The last demon for a month…
Okay, don’t freak out when there’s no demon next week; starting Thursday, we’re having October is Zombie Month instead! Every day in October, I’ll have a zombie-related post. It’s going to be cool (Well, probably more like room temp, or the ambient temperature of whatever location you’re in.).
In November, we’ll return to your regularly scheduled demons
That Voodoo That You Do 2
Okay, are voodoo loas demons? Personally, I have no clue. But they fulfill the roles of spiritual messengers between Bondye (“Good god”) and mere mortals, which means they do the job of the angels in the Christian tradition, and demons were originally angels… So let’s call them spirit people and include them in the blog. (Plus, they tend to be snappy dressers, which most demons aren’t, and we could use some fashion sense around here.)
Erzulie is the chief female loa — or maybe she’s a whole family. With voodoo, it’s often hard to tell these things. Is she a different spirit, or just in one of her moods? Only the mambo knows for sure.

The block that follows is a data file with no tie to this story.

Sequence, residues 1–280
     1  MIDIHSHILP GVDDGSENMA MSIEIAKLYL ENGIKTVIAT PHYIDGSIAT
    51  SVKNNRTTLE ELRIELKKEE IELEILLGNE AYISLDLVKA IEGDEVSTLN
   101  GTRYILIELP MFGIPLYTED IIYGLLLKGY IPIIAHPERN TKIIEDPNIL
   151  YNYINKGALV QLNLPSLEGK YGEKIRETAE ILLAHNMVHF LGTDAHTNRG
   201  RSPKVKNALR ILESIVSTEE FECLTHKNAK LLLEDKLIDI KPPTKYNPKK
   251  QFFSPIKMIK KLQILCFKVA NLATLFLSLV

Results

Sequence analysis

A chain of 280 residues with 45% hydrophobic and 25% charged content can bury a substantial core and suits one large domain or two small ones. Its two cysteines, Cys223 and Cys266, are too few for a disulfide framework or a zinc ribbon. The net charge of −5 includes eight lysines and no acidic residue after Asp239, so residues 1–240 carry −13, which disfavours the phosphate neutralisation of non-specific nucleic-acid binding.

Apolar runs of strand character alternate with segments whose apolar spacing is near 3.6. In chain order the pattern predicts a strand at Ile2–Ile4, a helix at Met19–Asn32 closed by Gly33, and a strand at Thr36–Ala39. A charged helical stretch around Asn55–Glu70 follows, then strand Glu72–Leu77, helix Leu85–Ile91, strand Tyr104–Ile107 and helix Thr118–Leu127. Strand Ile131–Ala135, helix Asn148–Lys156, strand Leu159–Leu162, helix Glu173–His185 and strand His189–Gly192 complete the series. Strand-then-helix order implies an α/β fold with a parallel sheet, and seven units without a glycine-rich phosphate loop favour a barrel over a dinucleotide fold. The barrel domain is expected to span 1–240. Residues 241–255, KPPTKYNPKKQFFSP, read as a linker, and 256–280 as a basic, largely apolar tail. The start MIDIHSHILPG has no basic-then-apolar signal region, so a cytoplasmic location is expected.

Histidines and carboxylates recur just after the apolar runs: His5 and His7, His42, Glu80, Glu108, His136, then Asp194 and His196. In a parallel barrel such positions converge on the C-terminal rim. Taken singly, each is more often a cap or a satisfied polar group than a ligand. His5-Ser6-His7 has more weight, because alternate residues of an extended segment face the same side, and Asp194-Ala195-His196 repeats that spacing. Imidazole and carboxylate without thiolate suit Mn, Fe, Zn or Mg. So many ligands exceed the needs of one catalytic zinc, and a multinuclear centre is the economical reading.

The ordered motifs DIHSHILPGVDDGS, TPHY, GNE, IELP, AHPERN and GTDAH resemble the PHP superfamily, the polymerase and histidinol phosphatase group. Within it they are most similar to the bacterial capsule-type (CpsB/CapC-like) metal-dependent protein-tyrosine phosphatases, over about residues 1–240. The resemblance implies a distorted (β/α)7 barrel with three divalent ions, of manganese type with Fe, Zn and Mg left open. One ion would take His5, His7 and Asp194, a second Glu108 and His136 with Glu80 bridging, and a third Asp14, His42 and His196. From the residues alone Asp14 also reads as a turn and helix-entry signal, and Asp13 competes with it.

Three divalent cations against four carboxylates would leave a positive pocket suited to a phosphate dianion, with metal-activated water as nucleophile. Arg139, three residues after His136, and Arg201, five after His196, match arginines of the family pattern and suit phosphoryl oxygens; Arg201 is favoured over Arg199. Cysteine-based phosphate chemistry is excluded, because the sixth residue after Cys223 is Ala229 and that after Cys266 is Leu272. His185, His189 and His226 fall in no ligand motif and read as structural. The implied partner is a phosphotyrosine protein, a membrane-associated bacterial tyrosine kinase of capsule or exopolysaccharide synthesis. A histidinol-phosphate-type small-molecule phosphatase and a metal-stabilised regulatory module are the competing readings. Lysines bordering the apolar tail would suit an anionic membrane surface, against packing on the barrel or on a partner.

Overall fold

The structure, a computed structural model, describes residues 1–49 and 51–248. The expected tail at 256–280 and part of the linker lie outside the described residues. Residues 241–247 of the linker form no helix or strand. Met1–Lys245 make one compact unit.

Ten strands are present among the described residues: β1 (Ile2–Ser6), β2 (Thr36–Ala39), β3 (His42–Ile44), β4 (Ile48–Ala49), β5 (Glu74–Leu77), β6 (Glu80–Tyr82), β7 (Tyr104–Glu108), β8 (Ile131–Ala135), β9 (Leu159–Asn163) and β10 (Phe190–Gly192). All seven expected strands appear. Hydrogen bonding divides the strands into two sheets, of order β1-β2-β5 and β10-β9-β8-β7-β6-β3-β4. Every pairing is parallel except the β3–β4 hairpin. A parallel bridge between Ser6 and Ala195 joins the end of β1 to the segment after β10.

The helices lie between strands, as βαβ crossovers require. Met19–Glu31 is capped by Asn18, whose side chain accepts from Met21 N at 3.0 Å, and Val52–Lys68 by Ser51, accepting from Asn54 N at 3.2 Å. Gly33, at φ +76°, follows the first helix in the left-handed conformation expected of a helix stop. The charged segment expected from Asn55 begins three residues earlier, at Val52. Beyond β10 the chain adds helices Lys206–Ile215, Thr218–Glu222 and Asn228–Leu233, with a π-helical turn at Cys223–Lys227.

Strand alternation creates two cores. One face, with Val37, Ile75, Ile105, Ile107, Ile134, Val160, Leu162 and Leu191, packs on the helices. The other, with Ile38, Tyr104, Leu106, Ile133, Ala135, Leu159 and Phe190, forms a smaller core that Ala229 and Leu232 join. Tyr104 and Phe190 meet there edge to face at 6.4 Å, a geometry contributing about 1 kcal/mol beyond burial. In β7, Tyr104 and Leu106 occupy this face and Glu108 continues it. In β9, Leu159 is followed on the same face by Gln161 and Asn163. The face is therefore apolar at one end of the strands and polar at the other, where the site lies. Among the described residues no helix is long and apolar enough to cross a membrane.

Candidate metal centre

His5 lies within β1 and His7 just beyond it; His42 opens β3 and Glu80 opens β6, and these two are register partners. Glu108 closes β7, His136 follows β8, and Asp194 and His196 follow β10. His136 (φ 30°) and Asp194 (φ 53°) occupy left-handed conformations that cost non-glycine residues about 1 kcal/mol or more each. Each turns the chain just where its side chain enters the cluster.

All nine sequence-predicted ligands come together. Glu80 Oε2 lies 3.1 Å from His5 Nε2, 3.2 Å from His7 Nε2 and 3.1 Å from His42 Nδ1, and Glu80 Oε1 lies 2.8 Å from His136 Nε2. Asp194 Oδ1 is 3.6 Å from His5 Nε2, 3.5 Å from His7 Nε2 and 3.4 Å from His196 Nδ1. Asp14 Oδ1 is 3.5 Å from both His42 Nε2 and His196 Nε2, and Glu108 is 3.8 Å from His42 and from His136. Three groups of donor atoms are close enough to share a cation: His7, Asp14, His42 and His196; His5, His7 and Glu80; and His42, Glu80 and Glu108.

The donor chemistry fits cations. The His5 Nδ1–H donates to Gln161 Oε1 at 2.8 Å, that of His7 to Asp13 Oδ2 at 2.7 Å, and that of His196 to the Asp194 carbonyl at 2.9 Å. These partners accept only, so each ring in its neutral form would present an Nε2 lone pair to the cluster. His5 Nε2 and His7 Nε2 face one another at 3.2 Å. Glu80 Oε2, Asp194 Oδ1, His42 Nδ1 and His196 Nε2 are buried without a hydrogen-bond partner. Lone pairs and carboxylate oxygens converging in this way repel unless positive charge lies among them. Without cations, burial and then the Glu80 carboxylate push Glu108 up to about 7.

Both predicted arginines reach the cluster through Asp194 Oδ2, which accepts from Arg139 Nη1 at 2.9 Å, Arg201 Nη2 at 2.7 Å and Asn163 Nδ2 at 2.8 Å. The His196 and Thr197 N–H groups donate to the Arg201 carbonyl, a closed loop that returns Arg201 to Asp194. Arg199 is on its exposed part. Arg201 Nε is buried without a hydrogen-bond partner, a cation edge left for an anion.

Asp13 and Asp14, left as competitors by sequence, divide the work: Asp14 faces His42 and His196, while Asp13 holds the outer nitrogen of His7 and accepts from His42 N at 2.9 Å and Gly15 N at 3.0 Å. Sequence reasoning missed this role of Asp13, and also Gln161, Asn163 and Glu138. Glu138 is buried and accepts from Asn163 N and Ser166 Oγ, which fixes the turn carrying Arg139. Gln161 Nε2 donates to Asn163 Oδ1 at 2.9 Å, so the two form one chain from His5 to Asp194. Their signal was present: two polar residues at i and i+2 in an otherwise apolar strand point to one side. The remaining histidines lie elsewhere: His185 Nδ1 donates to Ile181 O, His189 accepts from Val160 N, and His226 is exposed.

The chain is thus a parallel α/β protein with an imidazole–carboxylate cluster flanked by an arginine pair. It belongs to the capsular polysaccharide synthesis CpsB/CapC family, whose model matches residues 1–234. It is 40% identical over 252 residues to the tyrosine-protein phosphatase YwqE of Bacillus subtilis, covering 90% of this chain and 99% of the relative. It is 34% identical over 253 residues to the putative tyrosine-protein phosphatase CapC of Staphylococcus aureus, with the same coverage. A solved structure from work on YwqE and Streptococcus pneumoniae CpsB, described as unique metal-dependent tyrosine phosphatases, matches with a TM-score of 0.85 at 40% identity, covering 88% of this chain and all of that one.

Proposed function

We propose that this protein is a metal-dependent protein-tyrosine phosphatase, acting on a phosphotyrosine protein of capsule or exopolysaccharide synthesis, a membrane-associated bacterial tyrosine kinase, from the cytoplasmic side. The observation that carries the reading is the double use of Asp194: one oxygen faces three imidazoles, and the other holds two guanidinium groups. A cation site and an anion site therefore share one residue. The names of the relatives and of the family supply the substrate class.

As Erzulie Freda, she’s part of the beneficial Rada loa, and is sexy and stylish–the perfect woman, in fact. As Erzulie Dantor, she’s part of the less kind Petro loa. Scarred and ugly, she carries a big old knife that she’ll use on you if she feels like it, thank-you-very-much. But the paradox that is Erzulie doesn’t end there… Erzulie Freda hates females and treats them all as rivals, sometimes demanding that married men give up leave their wives to serve her (that’s the good Erzulie, remember?). But Erzulie Dantor (supposedly less kindly) uses her knife to protect women and children above anything else.
No sane voodoo-loving woman would serve Erzulie Freda. If she did, she’d probably be rewarded by the loa ensuring that she never got married. But most female practitioners do worship Erzulie Dantor. Go figure.
Erzulie Freda is a mixed-race beauty who parades around in fine clothes and lots of sparkly jewelry. She wears three rings, one for each husband. She’s married to the voodoo loa Damballa, Agwe and Ogoun… And any other human guy she decides she wants–she just lets him know, through signs and portents, dreams and signals, that he’s supposed to drop what he’s doing (and who he’s doing it with) to devote himself to her.
It’s kind of awkward if he’s already married, but that has never stopped her before.
- Tell my Horse: Voodoo and Life in Haiti and Jamaica
Zora Neale Hurston
The Encyclopedia of Witches, Witchcraft, and Wicca (Paperback)
by Rosemary Ellen Guiley